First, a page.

The Italian Crisis—and Ours

The media and the left (but I repeat myself) are in a tizzy that democracy in America is in imminent risk of being snuffed out, because Trump is at least Mussolini, if not Hitler. This is plainly ridiculous. As has been pointed out, Hitler would have gotten The Wall built and repealed Obamacare. Still, the Washington Post trumpets their self-regarding slogan, “Democracy Dies in Darkness,” while there is a flood of new books on the death of democracy.

Perhaps all the democracy-philes ought to direct their deep concern to Italy, where a coalition government of the left-leaning and right-meaning parties that emerged dominant in the recent election has been turned out of office by Italy’s president because the prime minister wanted to appoint a finance minister who is opposed to Italy remaining in the Euro currency. It has hardly received any attention in the American media. The Spectator reports:

The two Italian populist parties which were on the verge of forming a government that may never now happen won a majority of votes at the 4th March elections. But who has more power? The people who voted for populism – or the elites who have now shot down populism? We shall see.

Pressure from the Germans, the French, the markets, Brussels, etc spoke with what Italians call the tongue of the astuta serpente (the astute snake) against this nascent Italian populist government as – in the words of the FT’s editorial headline on the matter: ‘Rome opens its Gates to the Modern Barbarians’. . .

In his brief television explanation, President Mattarella told Italians that he could not ‘support the proposal of a minister who supports exit from the euro’. Why ever not? I wondered. After all. that is what the voters of Five Star and Lega – i.e nearly half of Italians – voted for isn’t it?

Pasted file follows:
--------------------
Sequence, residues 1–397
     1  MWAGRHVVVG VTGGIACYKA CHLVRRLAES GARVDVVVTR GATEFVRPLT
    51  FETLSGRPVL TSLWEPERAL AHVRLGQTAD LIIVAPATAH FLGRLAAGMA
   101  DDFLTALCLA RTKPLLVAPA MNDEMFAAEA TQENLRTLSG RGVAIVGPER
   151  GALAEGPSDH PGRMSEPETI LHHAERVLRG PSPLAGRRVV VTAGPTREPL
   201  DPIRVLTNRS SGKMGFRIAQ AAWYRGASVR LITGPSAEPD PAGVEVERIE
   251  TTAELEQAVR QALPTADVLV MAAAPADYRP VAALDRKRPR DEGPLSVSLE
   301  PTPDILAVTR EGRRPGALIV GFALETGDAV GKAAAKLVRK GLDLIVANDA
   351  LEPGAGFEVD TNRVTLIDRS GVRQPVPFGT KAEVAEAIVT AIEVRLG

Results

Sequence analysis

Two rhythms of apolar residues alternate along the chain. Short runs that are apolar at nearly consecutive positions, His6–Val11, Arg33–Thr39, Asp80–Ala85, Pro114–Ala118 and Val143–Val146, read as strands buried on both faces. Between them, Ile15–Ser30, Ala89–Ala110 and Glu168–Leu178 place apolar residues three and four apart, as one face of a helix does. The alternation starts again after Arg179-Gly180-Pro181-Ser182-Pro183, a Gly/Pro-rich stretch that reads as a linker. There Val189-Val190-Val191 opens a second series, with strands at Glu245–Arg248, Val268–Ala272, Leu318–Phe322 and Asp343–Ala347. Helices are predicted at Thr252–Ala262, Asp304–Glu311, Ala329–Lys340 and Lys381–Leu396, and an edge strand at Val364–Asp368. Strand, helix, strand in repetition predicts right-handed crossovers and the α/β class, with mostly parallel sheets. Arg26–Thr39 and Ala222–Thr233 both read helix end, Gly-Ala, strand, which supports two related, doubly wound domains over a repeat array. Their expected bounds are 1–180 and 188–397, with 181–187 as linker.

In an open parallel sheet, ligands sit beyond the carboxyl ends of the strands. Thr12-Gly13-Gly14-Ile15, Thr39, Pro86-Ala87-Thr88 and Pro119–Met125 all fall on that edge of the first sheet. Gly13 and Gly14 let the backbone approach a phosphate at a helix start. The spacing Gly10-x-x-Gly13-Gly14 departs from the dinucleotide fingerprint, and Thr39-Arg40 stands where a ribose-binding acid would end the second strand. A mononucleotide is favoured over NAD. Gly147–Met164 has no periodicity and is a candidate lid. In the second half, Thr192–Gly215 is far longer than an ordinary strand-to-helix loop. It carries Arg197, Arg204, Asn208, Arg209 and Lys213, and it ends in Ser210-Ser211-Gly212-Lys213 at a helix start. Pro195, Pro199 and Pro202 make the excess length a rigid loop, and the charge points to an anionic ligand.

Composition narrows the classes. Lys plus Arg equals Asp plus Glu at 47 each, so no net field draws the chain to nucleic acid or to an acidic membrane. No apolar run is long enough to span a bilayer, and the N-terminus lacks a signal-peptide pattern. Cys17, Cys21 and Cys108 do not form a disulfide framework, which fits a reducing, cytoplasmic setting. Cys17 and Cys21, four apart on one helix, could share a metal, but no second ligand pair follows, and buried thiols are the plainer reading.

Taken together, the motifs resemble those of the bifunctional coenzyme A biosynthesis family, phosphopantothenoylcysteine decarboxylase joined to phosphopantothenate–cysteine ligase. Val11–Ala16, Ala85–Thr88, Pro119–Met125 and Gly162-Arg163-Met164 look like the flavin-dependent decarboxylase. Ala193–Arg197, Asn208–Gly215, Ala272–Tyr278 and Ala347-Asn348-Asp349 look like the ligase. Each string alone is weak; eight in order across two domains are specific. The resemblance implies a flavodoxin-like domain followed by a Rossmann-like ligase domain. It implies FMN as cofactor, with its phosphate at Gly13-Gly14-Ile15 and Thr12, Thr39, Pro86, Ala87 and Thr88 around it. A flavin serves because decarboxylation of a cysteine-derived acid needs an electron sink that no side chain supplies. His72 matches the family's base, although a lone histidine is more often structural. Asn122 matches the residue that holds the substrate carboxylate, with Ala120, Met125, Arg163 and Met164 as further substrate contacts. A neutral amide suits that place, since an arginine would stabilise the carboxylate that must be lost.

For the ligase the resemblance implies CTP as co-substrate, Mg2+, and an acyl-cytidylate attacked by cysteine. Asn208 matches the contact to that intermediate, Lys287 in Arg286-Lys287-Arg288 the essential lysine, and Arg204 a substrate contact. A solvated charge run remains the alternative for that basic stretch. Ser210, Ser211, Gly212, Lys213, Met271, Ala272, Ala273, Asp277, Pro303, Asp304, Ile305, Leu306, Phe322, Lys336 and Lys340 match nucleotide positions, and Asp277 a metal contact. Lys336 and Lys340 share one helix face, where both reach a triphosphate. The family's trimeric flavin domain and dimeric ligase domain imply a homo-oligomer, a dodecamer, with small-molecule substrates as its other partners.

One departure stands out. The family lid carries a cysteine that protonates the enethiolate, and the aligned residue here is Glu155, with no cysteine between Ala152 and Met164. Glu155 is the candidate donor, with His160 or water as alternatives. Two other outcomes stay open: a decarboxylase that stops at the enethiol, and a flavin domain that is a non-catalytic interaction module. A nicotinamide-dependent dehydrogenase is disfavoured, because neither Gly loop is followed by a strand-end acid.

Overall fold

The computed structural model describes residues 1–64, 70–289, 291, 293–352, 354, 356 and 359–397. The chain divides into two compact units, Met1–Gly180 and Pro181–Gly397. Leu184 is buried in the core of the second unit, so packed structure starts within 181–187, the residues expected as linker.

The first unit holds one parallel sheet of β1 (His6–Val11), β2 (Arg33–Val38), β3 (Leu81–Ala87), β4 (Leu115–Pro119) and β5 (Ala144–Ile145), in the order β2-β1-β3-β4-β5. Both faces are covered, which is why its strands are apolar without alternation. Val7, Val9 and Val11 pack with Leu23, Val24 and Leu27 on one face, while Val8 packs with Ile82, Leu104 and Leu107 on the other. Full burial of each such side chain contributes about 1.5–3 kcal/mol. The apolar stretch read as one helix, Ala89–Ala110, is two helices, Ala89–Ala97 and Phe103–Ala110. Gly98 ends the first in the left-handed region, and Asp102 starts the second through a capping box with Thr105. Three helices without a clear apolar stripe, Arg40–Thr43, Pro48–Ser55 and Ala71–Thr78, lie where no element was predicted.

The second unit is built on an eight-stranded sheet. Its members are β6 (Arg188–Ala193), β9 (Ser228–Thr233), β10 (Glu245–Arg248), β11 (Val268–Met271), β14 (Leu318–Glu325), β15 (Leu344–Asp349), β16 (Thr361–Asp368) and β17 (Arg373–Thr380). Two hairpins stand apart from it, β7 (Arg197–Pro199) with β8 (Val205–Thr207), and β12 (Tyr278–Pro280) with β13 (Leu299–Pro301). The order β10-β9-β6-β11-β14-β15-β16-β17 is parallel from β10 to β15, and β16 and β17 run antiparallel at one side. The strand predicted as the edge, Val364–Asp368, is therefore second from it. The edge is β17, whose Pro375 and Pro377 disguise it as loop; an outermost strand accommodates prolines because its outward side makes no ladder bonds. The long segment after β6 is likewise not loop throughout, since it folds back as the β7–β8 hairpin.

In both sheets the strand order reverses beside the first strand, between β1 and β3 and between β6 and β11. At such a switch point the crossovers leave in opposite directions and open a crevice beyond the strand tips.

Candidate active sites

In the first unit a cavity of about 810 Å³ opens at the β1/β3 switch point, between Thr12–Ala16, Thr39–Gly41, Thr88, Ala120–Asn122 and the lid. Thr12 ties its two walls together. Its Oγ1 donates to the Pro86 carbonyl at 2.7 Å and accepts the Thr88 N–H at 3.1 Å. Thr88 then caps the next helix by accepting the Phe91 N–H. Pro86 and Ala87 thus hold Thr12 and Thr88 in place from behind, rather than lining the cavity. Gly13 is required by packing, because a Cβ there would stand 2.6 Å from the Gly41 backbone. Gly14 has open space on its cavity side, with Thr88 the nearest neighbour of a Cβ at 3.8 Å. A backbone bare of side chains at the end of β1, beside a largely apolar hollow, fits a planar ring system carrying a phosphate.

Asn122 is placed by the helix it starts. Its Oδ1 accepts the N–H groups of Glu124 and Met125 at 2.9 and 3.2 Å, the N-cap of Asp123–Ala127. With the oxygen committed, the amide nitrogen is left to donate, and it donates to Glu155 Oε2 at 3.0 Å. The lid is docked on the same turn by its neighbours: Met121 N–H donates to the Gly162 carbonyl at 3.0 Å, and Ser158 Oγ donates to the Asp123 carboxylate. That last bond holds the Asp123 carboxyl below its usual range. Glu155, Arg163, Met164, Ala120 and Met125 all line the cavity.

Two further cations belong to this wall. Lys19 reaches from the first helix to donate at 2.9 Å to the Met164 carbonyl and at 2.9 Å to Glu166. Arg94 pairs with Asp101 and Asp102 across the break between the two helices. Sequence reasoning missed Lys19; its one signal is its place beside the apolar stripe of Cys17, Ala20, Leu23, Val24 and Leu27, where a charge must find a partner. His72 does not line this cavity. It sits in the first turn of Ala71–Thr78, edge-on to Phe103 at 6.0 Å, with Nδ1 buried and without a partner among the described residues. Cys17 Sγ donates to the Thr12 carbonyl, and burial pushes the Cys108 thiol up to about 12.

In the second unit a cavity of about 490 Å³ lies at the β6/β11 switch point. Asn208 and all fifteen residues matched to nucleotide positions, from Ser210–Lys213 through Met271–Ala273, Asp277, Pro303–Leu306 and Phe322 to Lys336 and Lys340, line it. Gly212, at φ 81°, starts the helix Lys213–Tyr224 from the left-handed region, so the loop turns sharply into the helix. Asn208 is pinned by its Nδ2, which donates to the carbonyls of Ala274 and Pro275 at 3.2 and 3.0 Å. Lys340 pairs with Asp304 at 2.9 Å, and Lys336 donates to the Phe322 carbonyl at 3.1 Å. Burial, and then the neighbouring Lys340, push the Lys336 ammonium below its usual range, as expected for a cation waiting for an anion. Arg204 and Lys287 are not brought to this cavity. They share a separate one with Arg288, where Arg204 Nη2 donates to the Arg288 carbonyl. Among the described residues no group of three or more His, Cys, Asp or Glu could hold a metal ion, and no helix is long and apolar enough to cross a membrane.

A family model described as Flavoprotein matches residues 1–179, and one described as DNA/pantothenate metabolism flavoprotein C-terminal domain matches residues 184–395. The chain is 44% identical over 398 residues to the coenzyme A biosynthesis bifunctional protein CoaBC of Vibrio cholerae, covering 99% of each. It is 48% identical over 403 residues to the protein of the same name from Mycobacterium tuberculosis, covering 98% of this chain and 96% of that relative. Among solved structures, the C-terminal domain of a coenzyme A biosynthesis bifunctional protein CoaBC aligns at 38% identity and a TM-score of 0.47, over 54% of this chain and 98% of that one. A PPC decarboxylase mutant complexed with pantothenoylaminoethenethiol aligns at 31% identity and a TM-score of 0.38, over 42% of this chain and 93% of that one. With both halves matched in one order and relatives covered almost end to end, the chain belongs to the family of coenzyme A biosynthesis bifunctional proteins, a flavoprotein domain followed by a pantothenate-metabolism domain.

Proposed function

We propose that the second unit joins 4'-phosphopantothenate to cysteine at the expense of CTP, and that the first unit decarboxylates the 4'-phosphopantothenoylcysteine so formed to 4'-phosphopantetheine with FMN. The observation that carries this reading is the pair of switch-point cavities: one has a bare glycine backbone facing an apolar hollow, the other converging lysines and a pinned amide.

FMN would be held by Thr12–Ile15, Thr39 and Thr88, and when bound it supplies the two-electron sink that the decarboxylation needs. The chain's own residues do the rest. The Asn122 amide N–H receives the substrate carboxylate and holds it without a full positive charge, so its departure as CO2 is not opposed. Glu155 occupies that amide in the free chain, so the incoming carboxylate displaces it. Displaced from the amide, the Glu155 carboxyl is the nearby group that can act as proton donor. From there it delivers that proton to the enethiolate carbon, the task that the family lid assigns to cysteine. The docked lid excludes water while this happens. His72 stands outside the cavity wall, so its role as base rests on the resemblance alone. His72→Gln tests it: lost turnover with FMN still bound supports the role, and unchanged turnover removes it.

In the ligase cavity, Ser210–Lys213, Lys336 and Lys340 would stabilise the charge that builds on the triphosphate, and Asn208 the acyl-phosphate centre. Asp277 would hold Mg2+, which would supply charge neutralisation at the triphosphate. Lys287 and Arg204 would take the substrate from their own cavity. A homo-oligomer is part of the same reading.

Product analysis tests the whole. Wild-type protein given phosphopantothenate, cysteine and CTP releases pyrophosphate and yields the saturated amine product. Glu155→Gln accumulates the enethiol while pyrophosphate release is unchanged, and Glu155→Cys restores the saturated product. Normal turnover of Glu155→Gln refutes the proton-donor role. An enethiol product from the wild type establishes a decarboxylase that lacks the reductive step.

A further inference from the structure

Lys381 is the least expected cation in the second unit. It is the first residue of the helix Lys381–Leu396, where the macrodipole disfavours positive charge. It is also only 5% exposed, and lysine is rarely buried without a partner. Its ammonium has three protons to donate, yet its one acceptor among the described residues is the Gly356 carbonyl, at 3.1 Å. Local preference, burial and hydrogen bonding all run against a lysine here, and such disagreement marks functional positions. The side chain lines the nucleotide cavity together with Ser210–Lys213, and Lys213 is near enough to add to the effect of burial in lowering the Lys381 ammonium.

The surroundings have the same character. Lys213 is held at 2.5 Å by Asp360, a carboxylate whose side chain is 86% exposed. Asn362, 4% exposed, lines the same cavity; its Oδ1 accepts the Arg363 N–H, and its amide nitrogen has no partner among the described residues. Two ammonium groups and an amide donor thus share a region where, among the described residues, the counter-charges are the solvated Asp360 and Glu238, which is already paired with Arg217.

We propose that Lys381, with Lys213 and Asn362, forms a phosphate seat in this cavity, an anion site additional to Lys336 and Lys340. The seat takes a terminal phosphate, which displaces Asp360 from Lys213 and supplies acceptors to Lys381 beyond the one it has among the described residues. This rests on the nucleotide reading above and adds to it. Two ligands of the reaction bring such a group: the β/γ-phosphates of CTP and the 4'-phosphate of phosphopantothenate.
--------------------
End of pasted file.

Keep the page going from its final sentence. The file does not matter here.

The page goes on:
Italy is legendary for the instability of its parliamentary administrations, which have an average tenure in office of something like 15 months. Italy’s convoluted constitution allows the president to reject cabinet appointments from a prime minister, but not much else. So the country remains dysfunctional, and the replacement government the president has suggested is not likely to last very long. (Italy recently rejected a complicated constitutional reform in a referendum.) The prevention of an anti-Euro finance minister hasn’t reassured financial markets: Italian bonds have sold off heavily the last few days.

What is the basic point of democracy, if not to allow the people to control the government. The premise of Progressivism, and the administrative state, is for a permanent governing class to control the people, and prevent the effective control of government by the people. Hence the horror of Britain’s Brexit vote, and Trump’s election here.

The contest going on in Europe right now is just another front in the same contest under way here: to determine whether the revolt of the people against elitist government will succeed.

Even Paul Krugman thinks this is a bad sign:

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